or, stuff that I dragged out of my head

Location: Moncton, New Brunswick, Canada

Tuesday, September 09, 2008


Jim and I were in Newfoundland on a pleasure trip for a few days, which is my excuse for not having posted. I suppose I could have: Jim has a little tiny computer, an Asus EEE (or possibly Eee, or eee)

and I could have written using that. But I didn't. It's hard to get a sense of proportion from this picture, but it's very small, not much larger than a trade paperback, and the keyboard is really teeny, and it would take some getting used to. Plus, not a Mac.


Growing up on an island shapes you. The world seems very small, encompassed by shores, and very big and unreachable. It seems to be both of these things at the same time.

When my father took us four children to Disney World in Florida in 1974, he bought a car down there (with the idea of reselling it back in Canada) and drove us all back home. Being driven from state to state, and finally into Canada itself, I was perpetually astounded to discover that you can simply go to other places with scarcely any trouble at all. (My grandmother, his mother, left the province only a few times in her entire life, as far as I know; she never got on a plane until she was in her sixties.) Even today, there's a small rockbound childhood part of me that can hardly believe such a thing is possible. When I get on a plane to Newfoundland, or take the train from Bath to Cardiff, or drive from Saint John to Calais, Maine, there's an eight-year-old that's saying, "No way!"


This is a picture of Cape Spear, the easternmost point of Newfoundland, and therefore of Canada. There is, as Wikipedia tells us, "currently a dispute as to whether Cape Spear is the most easterly point in North America." Fine. Whatever. It may not be the easternmost point of the continent, but on Saturday, as I was sitting on these very rocks, embedded in a profound quiet save for the surf growling and smacking the rocks below, the sun warming but not harsh, the green life clinging stubbornly to every surface that would have it, the horizon a distant haze, so broad you fancied you could see the planet's curvature, I knew beyond any doubt that I was sitting on the most beautiful place on the face of the Earth.


St. John's is very hilly. Very hilly. Here's a shot from Duckworth Street down to Water Street, next to the Courthouse. The stairs are a concession to people in judicial robes, I suppose; most of the time, it's just steep streets you're expected to traverse, somehow.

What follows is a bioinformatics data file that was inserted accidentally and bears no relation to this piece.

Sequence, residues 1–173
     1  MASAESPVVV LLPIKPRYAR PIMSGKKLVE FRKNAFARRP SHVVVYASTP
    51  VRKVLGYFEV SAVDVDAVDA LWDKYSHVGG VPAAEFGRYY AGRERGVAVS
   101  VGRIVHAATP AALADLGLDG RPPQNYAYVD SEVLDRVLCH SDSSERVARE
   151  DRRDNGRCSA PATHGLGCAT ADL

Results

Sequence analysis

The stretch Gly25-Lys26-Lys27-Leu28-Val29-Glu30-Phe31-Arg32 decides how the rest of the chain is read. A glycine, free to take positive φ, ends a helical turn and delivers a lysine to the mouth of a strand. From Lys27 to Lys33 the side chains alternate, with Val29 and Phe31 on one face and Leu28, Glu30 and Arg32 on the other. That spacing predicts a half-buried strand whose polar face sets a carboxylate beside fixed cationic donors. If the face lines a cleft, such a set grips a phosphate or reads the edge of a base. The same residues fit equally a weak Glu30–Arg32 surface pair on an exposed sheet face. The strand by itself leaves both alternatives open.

We had a car, but still I walked up and down and all around the town, and as a consequence, my injured knee and ankle, fairly close to being healed, I think, have suffered a bit of a relapse. I think they will heal, but not quite yet. Just so you know.


Among our perambulations was a walk around Quidi Vidi Lake. One of the various signboards around the lake speculates as to the origins of the name: there are some twenty possibilities, most of which seemed to me at the time--I didn't write them down, and I didn't get Jim to take a picture of the sign--improbable in the extreme, mostly a sort of folk etymology. The name looks pretty Latinate, but philologist E.R. Seary was of the opinion that it came from a French name, Quédville or Quetteville, and I guess he would know.

Quidi Vidi is usually pronounced "kiddie viddie" (my pronunciation) or "kitty vitty", sometimes "quiddy viddy", but I knew people who pronounced it, for real, "KWY-duh VY-duh". I honestly don't know how that schwa could have come from the terminal "-i" in each word, because in English, when you end a word with that sound, it's going to be long, but there you have it.

Here's a sign around Quidi Vidi that I did get Jim to take a picture of.

And here's a closer view.

And you can easily see why I got him to photograph it. The word "internment" is darkened, and what obviously happened is that the sign was typeset incorrectly; someone after my own heart applied a correction to it; and that correction eventually weathered and peeled away, not only exposing the original error but highlighting it. There's a lesson in this.

"Intern" as a verb means "to confine or restrict", and it is related to "internal", "within", from Latin "internus". "Inter", on the other hand, means "to bury", and it is formed from Latin "in-" plus "terra", "earth". The two words, despite their surface similarity, are unrelated.


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